If different types of data can be collected (also automatically) from different sources, high-quality data and their “integrity and control is of paramount importance for many RegTech tools” (FINRA, 2018, p. 9; Yang & Li, 2018). Therefore, some RegTech solutions focus on improvement in data quality and on data aggregation, big data processing and interpretation, and on modelling analyses and forecasting (Arner et al., 2017a; Yang & Li, 2018).

Once collected, data must be properly managed. RegTech can “support the technical handling of large amounts of data” (Buckley et al., 2020, p. 3) and its storage (Kavassalis et al., 2018), handling matters of control, data protection and quality (Omarova, 2020). RegTech solutions can then concentrate on data analysis, automating this phase (Arner et al., 2017a), processing big data (Yang & Li, 2018) and mining data (Currie et al., 2018) to achieve data-driven outcomes (Anagnostopoulos, 2018).

5.3 Dimension #3: Grounding RegTech: Stakeholders and Applications

RegTech has strong implications for a wide set of actors, along with the whole system. In the next few paragraphs we will discuss the main stakeholders in RegTech, and the main RegTech applications identified for each.

The financial sector is the natural candidate for RegTech, as it is a heavily regulated industry. RegTech is well-suited to sub-sectors ranging from banking and the payments and securities market to lending, trading and insurance (Alrabiah, 2018; Arner et al., 2017a; Bonson et al., 2010; Buckley et al., 2020; EIOPA, 2020). The array of RegTech-backed solutions underlines its potential for intermediaries, regulated entities (Buckley et al., 2020; Micheler & Whaley, 2020) and the many firms that, in general, must provide regulatory data (FCA, 2016), given the broad spectrum of regulations that fall within the scope of RegTech.

Unregulated entities also come into the equation. Tech companies, consultancy firms, start-ups and service providers can identify opportunities from RegTech development (Goul, 2019; Yang & Li, 2018). RegTech can monitor data files, emails and voice communications produced by their employees (Micheler & Whaley, 2020) and take care that information sent out into the wider world is complete and accurate, clamping down on it being otherwise used by senior managers to “obfuscate, mislead, distort, or confuse regulators and investors” (Currie et al., 2018, p. 306). Industry associations and investors can share data with regulators to create the basis for integrated technology-driven regulation (Yang & Li, 2018), while non-profit organisations and donors have lent a hand in developing tools and techniques to improve market supervision and policy analysis (Gurung & Perlman, 2018).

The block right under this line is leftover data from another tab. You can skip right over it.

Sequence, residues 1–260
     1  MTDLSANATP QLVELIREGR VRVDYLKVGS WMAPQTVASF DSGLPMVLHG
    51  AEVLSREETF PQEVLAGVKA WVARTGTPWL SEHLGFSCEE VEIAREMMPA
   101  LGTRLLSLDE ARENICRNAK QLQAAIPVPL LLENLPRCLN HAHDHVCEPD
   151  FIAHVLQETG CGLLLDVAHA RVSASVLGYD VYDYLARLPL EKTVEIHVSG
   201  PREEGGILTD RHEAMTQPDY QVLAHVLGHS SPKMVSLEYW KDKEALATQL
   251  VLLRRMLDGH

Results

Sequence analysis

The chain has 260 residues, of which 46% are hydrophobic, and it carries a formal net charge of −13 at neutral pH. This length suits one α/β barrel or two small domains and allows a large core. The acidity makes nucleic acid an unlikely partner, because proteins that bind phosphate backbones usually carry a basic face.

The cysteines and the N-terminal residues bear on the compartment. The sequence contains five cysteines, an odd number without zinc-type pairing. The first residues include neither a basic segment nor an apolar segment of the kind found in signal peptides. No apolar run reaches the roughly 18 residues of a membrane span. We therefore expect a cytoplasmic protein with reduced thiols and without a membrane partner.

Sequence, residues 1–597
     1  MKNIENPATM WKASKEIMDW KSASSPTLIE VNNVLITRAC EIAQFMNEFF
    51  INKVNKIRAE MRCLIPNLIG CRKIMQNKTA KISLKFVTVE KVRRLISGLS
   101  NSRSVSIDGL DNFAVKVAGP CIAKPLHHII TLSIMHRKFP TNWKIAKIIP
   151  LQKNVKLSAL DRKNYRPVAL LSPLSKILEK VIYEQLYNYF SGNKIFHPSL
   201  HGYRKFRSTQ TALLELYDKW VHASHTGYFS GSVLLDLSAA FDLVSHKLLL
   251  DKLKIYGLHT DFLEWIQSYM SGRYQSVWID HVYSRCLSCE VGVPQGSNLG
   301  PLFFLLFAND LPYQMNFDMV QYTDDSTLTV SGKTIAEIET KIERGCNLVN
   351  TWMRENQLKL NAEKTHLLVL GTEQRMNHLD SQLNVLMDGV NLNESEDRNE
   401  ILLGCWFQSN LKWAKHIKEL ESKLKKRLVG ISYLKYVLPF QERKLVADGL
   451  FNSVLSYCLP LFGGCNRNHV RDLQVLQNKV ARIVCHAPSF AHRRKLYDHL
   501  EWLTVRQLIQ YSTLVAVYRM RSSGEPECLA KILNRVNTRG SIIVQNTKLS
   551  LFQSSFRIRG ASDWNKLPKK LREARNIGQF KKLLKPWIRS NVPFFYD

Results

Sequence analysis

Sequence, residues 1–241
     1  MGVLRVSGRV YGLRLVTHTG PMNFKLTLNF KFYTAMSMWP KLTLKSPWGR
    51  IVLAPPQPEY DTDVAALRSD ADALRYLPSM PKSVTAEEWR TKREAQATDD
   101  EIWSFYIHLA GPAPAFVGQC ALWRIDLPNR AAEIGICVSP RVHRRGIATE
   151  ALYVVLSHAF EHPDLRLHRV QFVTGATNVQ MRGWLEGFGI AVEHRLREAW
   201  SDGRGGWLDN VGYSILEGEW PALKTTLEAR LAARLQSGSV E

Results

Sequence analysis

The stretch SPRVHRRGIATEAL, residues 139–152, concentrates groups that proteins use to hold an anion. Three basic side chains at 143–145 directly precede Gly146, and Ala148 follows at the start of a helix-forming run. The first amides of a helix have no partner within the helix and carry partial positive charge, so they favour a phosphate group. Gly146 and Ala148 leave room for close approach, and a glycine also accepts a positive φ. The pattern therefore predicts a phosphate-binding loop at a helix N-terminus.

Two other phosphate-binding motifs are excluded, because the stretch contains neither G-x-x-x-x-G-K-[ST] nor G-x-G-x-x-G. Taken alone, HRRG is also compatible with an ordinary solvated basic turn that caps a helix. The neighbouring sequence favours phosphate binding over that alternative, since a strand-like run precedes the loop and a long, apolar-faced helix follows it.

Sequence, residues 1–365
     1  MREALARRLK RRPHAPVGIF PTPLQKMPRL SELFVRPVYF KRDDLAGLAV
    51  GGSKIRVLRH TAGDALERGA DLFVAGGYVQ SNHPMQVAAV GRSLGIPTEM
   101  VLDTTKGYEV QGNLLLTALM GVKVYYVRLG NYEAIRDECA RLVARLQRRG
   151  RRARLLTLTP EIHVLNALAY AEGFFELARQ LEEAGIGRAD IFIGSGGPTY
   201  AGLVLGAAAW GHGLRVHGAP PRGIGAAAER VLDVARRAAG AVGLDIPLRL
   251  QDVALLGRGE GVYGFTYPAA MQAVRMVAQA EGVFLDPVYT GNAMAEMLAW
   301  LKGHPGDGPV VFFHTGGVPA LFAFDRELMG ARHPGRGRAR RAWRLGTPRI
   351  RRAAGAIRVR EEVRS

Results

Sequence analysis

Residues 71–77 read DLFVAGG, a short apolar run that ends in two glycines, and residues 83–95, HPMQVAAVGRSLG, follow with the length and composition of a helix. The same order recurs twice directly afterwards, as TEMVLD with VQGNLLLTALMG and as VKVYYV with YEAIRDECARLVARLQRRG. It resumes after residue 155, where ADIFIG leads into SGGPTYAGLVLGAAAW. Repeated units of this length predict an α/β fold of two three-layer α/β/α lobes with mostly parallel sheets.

RegTech can provide support to firms in five functions: compliance, monitoring, risk management, reporting and operations.

In compliance, RegTech can ensure a company’s readiness for new regulations (Currie & Seddon, 2021), as well as assisting with regulatory intelligence, by providing “a catalogue of regulatory requirements in a user-friendly manner” (FINRA, 2018, p. 5). The emerging areas for RegTech are Know Your Customer (KYC), anti-money laundering (AML), counter terrorist financing and customer due diligence (Arner et al., 2017a, 2017b; Buckley et al., 2020; Lokanan, 2019), where RegTech is providing new ways to verify identity using biometrics, to profile customers and even to detect insider trading (Arner et al., 2017a; Buckley et al., 2020; FINRA, 2018).